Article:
N.B. to spend more than $10M on nursing bridging program

WATCH: The Higgs government is investing more that $10 million over the next decade to help address New Brunswick’s nursing shortage. As Andrew Cromwell reports, the program will help licensed practical nurses train to become registered nurses.

The province is spending more than $10 million at two New Brunswick universities on programs to help licensed practical nurses become registered nurses.

The bridging program is being offered at UNB-Saint John and L’Universite de Moncton, and a total of $10.6 million is being committed over ten years to fund 24 seats per year at each university.

READ MORE: N.B. needs to hire 1,600 nurses in 5 years to keep up with demand

Trevor Holder, New Brunswick Minister of Post-Secondary Education, Training and Labour says this is “outside the box thinking.”

“The fact that we’re taking LPN’s from around the province, giving that bridging is necessary so that within a two year period they’re going to be RN’s as opposed to waiting four years for them,” he added.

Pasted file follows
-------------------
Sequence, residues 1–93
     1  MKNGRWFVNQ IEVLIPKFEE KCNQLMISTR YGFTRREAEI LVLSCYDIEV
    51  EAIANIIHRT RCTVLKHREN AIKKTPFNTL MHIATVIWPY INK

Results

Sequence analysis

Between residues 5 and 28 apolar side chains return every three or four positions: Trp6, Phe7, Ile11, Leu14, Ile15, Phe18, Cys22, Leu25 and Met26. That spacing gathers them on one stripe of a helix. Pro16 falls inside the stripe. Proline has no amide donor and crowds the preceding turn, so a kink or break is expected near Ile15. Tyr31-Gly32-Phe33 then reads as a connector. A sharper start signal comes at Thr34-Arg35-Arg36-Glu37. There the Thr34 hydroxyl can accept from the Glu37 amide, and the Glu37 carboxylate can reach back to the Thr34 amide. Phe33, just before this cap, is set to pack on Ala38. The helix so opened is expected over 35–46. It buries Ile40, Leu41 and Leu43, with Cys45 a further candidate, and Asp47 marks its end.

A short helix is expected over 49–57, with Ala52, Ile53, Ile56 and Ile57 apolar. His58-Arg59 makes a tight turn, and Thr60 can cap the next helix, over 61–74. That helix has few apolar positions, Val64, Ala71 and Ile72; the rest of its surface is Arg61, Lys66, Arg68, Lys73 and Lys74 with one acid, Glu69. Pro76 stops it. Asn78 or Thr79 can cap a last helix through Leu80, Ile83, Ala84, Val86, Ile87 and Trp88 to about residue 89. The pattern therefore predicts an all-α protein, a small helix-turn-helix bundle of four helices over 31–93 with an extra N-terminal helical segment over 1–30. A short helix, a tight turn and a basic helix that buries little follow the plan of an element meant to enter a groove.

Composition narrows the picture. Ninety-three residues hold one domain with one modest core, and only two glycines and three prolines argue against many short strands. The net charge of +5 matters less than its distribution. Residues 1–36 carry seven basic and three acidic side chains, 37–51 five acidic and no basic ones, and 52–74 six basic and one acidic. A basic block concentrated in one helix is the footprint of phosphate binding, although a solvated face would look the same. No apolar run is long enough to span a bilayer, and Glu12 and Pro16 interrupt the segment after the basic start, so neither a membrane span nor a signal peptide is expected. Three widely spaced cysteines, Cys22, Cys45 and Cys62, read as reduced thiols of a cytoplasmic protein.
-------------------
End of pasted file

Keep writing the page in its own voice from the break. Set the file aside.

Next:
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University officials say the term bridge is important especially given the trying times in filling the nursing need in New Brunswick.

READ MORE: Hospital overcrowding, staff shortages have more nurses seeking medical leave, says NBNU

“A bridge is significant for allowing us to navigate choppy waters in that this is a complex issue,” said UNB-Saint John President Paul J. Mazerolle.

“How do we solidify the future of the nursing profession in our province given the many challenges?” he asked

The initiative is also being given the thumbs up by the provincial nurses association.

In a statement, the Nurses Association of New Brunswick (NANB) said that they are “supportive of this approach to nursing education and are pleased to see this action item identified by the nursing resource strategy is moving forward.”

READ MORE: New Brunswick releases 10-year strategy aimed at heading off nursing shortage

The money comes after the province cut millions of dollars from nursing programs because Holder says they weren’t creating new seats for students. He says the bridging program will also be results-oriented.

“We will be providing that funding once the students have successfully completed a year of study,” Holder pointed out.

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Officials say the January 2020 class is already full.